Boats? We can handle them!

May 1, 2024

This past weekend found myself and Andy C down in Portland, taking the helm of the Richmond Explorer for the first time under George's watchful eye.

He had already taken us, along with some other aspiring coxes, through the Boat Handling theory. After carefully reviewing our prior maritime experience (I crewed on a 2 person dingy a few times in the 90s; Andy has read all of the Hornblower books), he agreed to take us out on the water regardless.

Things did not get off to a particularly auspicious start. The weather forecast had us all packing our drysuits and working out just how much hot coffee it would be feasible to transport. Then, on arriving at the marina on Saturday morning, we were greeted by a line of police cars, and the news that the boat lift would be out of action until further notice - a problem for us, with our boat very much requiring lifting before we could begin. We found out later that the police were attending the scene of a body which had been found in the water shortly before we arrived, putting my irritation at the disruption to our plans into perspective.

We retreated out of the wind into a local café, where George made good use of the time by having us complete a perfectly harmonious and collaborative group chartwork exercise.

The police finished up their work and allowed the marina to reopen all facilities just after lunchtime. With the boat released, and the threatened downpours nowhere to be seen, we made our way down to the pontoon to begin.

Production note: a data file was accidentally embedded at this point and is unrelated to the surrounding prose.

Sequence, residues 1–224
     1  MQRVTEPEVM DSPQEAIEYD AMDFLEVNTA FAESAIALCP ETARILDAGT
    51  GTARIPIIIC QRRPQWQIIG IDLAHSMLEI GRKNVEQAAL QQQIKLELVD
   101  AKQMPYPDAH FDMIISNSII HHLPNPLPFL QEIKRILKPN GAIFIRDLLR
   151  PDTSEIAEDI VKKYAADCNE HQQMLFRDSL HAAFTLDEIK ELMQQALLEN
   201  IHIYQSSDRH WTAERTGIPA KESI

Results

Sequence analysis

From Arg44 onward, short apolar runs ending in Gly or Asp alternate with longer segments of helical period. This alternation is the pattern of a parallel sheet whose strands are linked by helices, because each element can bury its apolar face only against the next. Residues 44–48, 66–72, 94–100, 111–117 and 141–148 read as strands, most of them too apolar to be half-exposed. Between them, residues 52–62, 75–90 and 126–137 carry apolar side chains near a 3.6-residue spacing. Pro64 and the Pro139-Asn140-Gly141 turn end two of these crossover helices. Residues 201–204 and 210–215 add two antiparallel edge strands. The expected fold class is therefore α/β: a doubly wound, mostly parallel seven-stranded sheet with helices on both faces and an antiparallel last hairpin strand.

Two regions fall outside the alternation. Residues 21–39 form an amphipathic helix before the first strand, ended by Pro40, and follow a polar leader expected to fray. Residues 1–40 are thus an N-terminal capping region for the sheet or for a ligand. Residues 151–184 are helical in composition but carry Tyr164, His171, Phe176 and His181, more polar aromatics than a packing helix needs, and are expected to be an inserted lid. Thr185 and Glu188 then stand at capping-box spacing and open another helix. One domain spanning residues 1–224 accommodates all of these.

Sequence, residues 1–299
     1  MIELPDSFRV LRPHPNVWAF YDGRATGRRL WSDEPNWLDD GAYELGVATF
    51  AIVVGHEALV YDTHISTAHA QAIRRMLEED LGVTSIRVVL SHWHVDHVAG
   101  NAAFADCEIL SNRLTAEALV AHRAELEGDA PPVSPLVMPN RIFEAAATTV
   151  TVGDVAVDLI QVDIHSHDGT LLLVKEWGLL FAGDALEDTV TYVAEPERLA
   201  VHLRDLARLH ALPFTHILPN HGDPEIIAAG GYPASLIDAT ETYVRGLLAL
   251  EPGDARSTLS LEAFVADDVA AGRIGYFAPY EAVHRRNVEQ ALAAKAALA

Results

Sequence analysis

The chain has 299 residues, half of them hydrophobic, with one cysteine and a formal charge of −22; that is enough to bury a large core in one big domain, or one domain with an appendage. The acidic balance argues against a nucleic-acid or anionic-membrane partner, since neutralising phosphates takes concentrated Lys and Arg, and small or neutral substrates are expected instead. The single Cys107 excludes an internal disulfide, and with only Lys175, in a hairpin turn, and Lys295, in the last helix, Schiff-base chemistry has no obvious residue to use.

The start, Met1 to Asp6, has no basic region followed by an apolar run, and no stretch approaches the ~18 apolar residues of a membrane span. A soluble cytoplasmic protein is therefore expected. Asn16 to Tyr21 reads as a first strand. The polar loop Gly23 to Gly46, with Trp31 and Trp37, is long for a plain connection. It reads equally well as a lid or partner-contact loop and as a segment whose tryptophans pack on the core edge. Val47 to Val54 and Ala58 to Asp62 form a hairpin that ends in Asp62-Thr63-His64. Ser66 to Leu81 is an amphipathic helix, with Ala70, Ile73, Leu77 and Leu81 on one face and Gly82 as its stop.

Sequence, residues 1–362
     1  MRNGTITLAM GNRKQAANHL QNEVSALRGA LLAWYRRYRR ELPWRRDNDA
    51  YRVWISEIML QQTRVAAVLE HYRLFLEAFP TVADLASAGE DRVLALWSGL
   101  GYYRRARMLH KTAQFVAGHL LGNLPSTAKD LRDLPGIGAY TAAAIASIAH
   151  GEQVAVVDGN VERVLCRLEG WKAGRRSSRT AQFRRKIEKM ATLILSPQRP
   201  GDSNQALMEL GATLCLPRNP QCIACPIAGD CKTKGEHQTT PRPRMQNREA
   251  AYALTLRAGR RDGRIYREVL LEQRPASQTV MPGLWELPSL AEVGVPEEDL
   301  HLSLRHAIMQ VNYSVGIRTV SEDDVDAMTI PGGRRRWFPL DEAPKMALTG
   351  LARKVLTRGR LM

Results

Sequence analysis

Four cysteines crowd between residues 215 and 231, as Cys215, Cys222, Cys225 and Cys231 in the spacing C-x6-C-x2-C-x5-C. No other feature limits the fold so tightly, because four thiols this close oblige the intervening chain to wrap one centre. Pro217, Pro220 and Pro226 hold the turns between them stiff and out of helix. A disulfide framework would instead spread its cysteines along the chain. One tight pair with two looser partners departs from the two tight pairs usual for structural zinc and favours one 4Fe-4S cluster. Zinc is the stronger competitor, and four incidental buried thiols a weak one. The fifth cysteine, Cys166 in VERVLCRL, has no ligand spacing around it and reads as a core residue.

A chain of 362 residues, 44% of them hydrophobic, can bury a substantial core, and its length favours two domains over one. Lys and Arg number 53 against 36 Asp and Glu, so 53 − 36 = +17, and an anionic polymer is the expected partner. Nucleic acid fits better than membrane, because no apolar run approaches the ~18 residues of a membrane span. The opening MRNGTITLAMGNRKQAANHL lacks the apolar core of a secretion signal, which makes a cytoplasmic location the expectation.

I admit I had expected George to take the boat out somewhere with nothing but a lot of flat sea for half a mile or so in each direction before handing over the controls. In the event, he had us driving right from the start. Despite my initial trepidation, thanks to a great briefing and clear instructions at each step, we made it out without incident and headed into the harbour for some serious practice.

With varying degrees of precision and success we motored, turned, stopped and drifted.  We tied up on the shotline at the Countess, and tossed poor "Bob the diver" in to be recovered multiple times. He was very stoic about the whole thing, and we did get him back every time. We headed back to the marina and finished the day by parking up. Many times, on many different pontoons,  and with a surprisingly high success rate... eventually. Our final stop was the Explorer's usual spot on Pontoon B, after which we headed back to our temporary digs for the evening.

The weather held off on the Sunday as well, even favouring us with some speing sunshine. We did some more manoeuvring, more diver recovery practice, dropped some anchors, rescued an unexpected "Bob overboard" and finished up with a lesson in refuelling and getting the boat ready to return to the dry stacks.

Aside from a brief contretemps in which the G&T of a boat owner who went to a much more expensive school then I did was briefly at risk of being spilled, both days passed without incident, and with a great deal of fun.

Andy and I are now, pending postage of a couple of cards, certified boat handlers - and may well be assisting a cox on a dive near you!